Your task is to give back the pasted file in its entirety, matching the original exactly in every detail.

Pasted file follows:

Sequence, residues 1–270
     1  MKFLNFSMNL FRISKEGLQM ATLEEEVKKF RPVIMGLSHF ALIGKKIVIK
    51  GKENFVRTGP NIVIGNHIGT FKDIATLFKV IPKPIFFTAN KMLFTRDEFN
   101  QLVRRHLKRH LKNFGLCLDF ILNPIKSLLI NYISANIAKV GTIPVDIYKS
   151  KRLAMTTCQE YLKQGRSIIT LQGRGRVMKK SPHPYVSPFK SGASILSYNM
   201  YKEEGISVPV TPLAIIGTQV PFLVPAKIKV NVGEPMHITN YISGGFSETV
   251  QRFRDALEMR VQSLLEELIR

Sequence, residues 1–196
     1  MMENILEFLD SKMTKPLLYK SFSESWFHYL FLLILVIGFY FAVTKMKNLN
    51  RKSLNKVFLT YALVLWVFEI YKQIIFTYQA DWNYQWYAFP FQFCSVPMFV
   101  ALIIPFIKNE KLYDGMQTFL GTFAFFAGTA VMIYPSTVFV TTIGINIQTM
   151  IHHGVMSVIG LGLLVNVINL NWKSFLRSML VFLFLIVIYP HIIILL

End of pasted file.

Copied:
Sequence, residues 1–270
     1  MKFLNFSMNL FRISKEGLQM ATLEEEVKKF RPVIMGLSHF ALIGKKIVIK
    51  GKENFVRTGP NIVIGNHIGT FKDIATLFKV IPKPIFFTAN KMLFTRDEFN
   101  QLVRRHLKRH LKNFGLCLDF ILNPIKSLLI NYISANIAKV GTIPVDIYKS
   151  KRLAMTTCQE YLKQGRSIIT LQGRGRVMKK SPHPYVSPFK SGASILSYNM
   201  YKEEGISVPV TPLAIIGTQV PFLVPAKIKV NVGEPMHITN YISGGFSETV
   251  QRFRDALEMR VQSLLEELIR

Sequence, residues 1–196
     1  MMENILEFLD SKMTKPLLYK SFSESWFHYL FLLILVIGFY FAVTKMKNLN
    51  RKSLNKVFLT YALVLWVFEI YKQIIFTYQA DWNYQWYAFP FQFCSVPMFV
   101  ALIIPFIKNE KLYDGMQTFL GTFAFFAGTA VMIYPSTVFV TTIGINIQTM
   151  IHHGVMSVIG LGLLVNVINL NWKSFLRSML VFLFLIVIYP HIIILL